Squid Game and the Rise of Korean Culture in Film and Television

Squid Game and the Rise of Korean Culture in Film and Television

Photo Credit: Angelin Thipahar, Illustrations Editor

A spoiler-free review of Netflix’s biggest hit ever

Alessia Baptista, Managing Editor

The newly-popular Netflix series, Squid Game, has been a hot topic of discussion amongst viewers worldwide. After 10 years of pitching his idea, writer and director Hwang Dong-hyuk finally secured a deal with Netflix to give viewers the gift of this incredible Korean series. According to NBC News, the show has reached 111 million viewers, making it Netflix’s most-watched show of all time, so much so that the show has surpassed popular series’ such as Bridgerton, Lupin, Money Heist, and Stranger Things

Plot and Details: 

Squid Game is a 9-episode series that follows hundreds of money-hungry contestants, all of whom accept an invitation to compete in various children’s games for money. The turning point- these children’s games come with a deathly elimination process. 

The show covers themes of structural and institutional inequality, and puts morality to the test. It really makes viewers question the value and significance of money- what would you do if you had the chance to win billions? How far would you go to pay off your debts? 

Violent and vicious, Squid Game is brilliant; the characters have so much depth, the plot is concise and well thought out, and the acting is incredible. The series is gripping right from the beginning; it strategically distributes character and plot development over the course of 9 episodes, all of which come with twists and turns, making the show easy to binge. Watch the show in Korean with English subtitles- the show carries more emotion in its mother tongue, which significantly betters the viewing experience.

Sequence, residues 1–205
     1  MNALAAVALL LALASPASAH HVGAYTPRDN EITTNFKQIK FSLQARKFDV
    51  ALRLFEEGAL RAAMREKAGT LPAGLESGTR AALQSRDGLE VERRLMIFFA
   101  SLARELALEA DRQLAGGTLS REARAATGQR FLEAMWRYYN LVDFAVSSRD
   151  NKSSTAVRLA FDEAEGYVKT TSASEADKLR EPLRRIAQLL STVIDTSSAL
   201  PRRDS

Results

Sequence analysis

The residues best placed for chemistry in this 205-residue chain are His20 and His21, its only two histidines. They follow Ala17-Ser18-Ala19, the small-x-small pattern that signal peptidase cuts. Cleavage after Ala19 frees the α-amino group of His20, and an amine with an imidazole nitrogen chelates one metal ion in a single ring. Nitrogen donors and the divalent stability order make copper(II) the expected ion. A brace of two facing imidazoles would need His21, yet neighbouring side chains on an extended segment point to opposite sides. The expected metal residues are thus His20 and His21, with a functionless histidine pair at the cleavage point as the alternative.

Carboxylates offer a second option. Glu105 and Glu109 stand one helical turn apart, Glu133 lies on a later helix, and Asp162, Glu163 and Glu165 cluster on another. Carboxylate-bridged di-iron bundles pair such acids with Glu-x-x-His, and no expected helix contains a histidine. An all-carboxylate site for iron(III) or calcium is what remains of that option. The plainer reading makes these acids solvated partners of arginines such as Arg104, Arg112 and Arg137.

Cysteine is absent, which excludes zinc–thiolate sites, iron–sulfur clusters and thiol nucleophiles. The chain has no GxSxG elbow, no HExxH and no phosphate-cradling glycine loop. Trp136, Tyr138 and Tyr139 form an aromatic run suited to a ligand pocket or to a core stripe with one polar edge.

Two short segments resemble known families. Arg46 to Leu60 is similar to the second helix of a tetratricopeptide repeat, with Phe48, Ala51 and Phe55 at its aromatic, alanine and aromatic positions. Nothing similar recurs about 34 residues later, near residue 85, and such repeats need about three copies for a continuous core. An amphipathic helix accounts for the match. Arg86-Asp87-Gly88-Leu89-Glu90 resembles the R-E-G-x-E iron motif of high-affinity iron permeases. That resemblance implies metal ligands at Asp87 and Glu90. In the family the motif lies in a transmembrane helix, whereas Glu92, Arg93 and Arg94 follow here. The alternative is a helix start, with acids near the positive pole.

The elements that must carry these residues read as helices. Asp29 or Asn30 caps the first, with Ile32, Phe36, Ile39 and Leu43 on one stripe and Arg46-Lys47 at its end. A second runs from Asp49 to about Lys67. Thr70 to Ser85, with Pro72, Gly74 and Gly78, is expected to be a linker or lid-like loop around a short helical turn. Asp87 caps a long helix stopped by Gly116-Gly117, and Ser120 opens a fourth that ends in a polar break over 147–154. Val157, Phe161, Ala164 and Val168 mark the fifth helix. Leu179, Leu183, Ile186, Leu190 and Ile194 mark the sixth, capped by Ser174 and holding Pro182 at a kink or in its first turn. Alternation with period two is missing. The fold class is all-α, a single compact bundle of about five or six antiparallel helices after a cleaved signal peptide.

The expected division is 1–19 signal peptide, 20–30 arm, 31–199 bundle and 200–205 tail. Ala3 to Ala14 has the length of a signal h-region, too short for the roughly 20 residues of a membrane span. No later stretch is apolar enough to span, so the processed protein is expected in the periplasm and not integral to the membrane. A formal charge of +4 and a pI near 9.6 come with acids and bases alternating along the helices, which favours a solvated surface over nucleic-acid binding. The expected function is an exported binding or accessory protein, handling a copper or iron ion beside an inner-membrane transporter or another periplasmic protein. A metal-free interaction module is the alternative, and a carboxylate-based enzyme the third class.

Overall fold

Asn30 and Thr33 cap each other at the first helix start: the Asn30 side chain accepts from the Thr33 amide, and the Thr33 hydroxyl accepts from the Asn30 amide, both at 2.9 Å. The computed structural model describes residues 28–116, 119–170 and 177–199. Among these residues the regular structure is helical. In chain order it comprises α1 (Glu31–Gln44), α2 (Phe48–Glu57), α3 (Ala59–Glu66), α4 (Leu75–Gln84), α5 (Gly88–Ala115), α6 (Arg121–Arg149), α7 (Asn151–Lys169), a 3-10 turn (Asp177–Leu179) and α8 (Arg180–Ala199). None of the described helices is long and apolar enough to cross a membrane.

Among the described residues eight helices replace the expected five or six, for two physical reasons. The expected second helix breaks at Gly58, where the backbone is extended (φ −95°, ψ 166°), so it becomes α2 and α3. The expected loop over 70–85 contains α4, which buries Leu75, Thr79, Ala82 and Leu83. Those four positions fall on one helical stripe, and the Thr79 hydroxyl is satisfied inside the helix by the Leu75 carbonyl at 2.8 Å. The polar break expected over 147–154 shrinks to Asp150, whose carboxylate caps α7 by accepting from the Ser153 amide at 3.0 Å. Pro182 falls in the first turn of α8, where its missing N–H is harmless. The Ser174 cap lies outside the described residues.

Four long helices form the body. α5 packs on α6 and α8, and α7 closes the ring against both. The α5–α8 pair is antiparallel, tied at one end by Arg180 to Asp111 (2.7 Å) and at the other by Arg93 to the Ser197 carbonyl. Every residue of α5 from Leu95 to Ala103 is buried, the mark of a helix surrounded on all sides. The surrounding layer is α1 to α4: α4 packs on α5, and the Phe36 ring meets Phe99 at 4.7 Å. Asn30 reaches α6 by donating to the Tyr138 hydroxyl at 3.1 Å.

The Significance of Korean Culture in the Show: 

Evidently, the show has gained popularity, fuelled by the rise of Asian arts and culture. Films like Crazy Rich Asians (2018), The Academy Award Winning Parasite (2019), and more recently, Shang-Chi: Legend of the Ten Rings (2021), have brought rich culture and diversity to the film industry. These all-Asian casts and crew allow for a more concrete and true depiction of Asian culture in on-screen productions. 

Representation in film is crucial, as media that isn’t concentrated on Western norms appeals to various audiences and targets minority groups. Squid Game, being a Korean series, has become popular on a global scale for its thrilling plot and talented cast, and exposes Western audiences to Korean culture, allowing for more diversity and representation in film. The aforementioned Award-Winning film, Parasite, played a large role in paving the way for Asian film in a Western film industry, as its numerous awards display.

A Spoiler-Free Look at the First Episode: 

The first episode of Squid Game beautifully sets up the show: the audience is exposed to the protagonist, Seong Gi-hun, played by actor Lee Jung-jae, as he navigates his gambling issues and living in poverty. Gi-hun is later introduced to the concept of playing games for money upon being approached by a salesman at the subway station. From there, the audience is submerged into the world of Squid Game and all its violent and insane counterparts. Who will die first, who will sacrifice themselves, and who will survive? You’ll have to watch to find out what the hype is all about. 

Trigger warning: themes of suicide, brutal violence, gambling, and sex are portrayed in this series. If these are sensitive topics, refrain from watching the show and/or watch at your own discretion.